Faraday waves were observed on the free surface of helium-4 layer when excited vertically at low temperature (T=700mK, where T(K)=T(°C)+273.15) [110]. Standing wave patterns were observed to appear on the surface. Threshold excitation amplitudes for the instability were clearly manifested. The difference in the threshold amplitude between the superfluid and the normal fluid is that the threshold amplitude is larger for the normal fluid than for the superfluid, and the difference was attributed to the wall damping in the cell geometry. Hysteretic behavior specific to the nonlinear waves was also observed in the superfluid phase. Higuera et al. [32] presented an overview on the small viscosity limit and the effects of symmetries and nonlinearity on the response of fluid systems. The role of viscous mean flow was found to couple the primary surface waves. Under low frequency experiments of surface rheology, the importance of fluid dynamics provided an explanation of the irreversible character of surface pressure versus surface area. An experimental study of the Faraday instability of viscoelastic fluid was presented by Cabeza and Rosen [111] who used a shear thinning polymer solution in which the elastic effects are predominant. Depending on the fluid layer depth and the driving frequency, harmonic or subharmonic regimes were developed. In addition, the onset acceleration was used to estimate the rheological properties of the fluid. Ezersky et al. [112] showed experimentally that parametric excitation of capillary waves in a liquid polymer may give rise to spatially periodic distribution of microparticles. It was found that photopolymerization makes it possible to fix position of microparticles and produce materials with controllable spatially periodic inhomogeneities.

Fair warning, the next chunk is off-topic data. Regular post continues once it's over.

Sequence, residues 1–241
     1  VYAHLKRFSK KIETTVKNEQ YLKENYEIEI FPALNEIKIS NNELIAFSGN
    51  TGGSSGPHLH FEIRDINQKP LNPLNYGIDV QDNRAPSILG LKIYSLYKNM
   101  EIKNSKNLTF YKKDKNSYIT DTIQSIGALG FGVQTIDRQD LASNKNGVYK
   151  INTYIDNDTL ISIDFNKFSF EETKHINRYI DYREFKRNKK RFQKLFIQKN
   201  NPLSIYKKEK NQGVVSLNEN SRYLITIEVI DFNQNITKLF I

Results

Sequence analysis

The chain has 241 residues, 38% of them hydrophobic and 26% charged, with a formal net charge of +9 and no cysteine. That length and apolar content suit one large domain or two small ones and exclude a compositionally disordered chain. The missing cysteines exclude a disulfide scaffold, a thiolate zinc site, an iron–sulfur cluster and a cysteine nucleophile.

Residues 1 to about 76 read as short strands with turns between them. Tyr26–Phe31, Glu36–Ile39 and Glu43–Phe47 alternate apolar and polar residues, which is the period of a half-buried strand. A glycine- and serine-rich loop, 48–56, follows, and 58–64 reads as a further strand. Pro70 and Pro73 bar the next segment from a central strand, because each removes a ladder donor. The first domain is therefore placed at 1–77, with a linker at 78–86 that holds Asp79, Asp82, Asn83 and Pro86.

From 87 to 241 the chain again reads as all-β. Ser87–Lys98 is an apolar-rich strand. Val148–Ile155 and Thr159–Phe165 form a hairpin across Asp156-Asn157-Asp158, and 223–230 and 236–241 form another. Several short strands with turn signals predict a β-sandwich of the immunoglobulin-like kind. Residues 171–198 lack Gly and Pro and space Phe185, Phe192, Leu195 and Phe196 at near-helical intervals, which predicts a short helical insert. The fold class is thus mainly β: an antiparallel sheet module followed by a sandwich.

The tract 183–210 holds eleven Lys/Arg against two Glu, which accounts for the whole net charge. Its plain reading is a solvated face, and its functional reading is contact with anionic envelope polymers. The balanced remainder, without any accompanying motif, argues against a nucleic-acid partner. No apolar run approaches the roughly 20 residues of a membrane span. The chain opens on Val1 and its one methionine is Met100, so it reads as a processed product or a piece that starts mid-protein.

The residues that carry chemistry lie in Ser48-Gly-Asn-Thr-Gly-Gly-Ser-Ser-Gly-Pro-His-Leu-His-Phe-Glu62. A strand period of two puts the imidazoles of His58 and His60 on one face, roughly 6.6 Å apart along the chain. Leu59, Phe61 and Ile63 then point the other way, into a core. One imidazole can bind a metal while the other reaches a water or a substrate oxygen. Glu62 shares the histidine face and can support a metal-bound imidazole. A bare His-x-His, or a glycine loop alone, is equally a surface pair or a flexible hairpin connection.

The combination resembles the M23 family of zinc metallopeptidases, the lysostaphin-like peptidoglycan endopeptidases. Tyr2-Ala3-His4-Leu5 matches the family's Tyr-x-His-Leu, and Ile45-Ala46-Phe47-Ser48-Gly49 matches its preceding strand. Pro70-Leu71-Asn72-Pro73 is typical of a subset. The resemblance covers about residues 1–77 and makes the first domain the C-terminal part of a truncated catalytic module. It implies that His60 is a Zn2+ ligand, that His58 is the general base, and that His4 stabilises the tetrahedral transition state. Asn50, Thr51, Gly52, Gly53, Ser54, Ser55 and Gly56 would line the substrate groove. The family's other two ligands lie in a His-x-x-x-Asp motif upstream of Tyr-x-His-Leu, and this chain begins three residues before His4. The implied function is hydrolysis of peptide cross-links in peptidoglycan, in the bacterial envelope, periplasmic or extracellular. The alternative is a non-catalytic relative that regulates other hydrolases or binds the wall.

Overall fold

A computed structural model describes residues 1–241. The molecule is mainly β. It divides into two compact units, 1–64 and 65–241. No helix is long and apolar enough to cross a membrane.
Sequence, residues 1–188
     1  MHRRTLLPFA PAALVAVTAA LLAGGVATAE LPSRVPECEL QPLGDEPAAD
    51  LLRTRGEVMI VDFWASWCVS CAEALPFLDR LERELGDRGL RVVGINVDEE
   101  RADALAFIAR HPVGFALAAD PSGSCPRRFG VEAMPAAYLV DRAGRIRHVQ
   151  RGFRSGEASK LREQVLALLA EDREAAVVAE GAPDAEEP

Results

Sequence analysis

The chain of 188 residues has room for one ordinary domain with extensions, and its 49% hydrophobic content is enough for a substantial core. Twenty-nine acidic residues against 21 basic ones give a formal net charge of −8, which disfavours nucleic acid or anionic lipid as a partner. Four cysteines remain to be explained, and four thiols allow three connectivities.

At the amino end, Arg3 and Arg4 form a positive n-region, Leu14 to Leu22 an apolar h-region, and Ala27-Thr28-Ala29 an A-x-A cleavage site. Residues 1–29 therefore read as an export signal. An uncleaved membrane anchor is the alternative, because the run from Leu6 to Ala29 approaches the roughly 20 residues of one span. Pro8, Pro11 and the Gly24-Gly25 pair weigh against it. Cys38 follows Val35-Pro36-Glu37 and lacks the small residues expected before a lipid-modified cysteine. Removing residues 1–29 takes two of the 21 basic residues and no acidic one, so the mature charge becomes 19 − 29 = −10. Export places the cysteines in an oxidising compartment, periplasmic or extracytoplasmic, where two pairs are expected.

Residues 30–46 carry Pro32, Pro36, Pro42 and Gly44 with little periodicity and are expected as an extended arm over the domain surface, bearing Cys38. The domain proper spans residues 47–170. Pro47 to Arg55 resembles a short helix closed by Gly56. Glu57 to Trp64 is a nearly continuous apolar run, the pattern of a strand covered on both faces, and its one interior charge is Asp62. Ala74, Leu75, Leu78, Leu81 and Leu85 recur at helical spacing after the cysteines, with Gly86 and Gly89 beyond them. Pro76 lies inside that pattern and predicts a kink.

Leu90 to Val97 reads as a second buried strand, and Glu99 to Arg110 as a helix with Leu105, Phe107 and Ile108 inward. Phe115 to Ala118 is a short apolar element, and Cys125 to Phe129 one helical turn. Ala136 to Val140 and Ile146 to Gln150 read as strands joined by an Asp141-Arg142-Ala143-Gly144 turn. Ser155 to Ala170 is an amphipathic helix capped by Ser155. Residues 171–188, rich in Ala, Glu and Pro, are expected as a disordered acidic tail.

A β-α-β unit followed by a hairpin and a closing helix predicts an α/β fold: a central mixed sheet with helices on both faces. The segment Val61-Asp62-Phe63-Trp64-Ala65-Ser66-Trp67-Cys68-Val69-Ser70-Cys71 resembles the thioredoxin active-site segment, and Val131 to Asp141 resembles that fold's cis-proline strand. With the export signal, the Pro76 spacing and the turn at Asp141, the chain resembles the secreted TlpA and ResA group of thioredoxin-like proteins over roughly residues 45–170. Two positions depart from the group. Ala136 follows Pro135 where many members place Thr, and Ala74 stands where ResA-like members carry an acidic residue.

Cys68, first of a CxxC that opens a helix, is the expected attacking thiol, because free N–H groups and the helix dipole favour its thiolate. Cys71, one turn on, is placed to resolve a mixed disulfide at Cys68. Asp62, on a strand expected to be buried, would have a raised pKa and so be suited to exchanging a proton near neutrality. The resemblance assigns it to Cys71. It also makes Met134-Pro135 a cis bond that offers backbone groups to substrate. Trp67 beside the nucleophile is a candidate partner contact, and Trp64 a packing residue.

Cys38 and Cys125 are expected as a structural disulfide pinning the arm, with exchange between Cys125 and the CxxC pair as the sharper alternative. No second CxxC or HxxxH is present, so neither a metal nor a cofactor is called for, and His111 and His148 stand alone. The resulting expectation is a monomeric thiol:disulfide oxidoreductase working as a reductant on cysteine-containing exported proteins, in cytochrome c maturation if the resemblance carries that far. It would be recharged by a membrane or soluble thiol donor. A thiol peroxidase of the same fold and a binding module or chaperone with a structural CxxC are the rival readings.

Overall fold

The parametric excitation of internal 2D waves of a viscous continuously stratified fluid, completely filling a rectangular vessel under vertical oscillations, was considered in the literature [113–117]. Approximate formulae were obtained for the threshold amplitude of the vessel excitation and the boundaries of the resonance zones. The dynamics of internal gravity waves excited by parametric instability in a stable stratified medium, either at the interface between water and a kerosene layer, or in brine with a uniform gradient of salinity was studied by Benielli and Sommeria [117]. Each internal wave mode was amplified for an excitation frequency close to twice its natural frequency, when the excitation amplitude is sufficient to overcome viscous damping. In the interfacial case, each mode was made well separated from the others in frequency and was found to behave like a simple pendulum. The case of a continuous stratification is more complex as different modes have overlapping instability tongues. Foster and Craik [118] considered capillary–gravity waves of an inviscid liquid, which exhibit second- or sub-harmonic resonance at precise frequencies. Equations describing this situation were derived incorporating slight detuning from two-wave and Faraday resonances.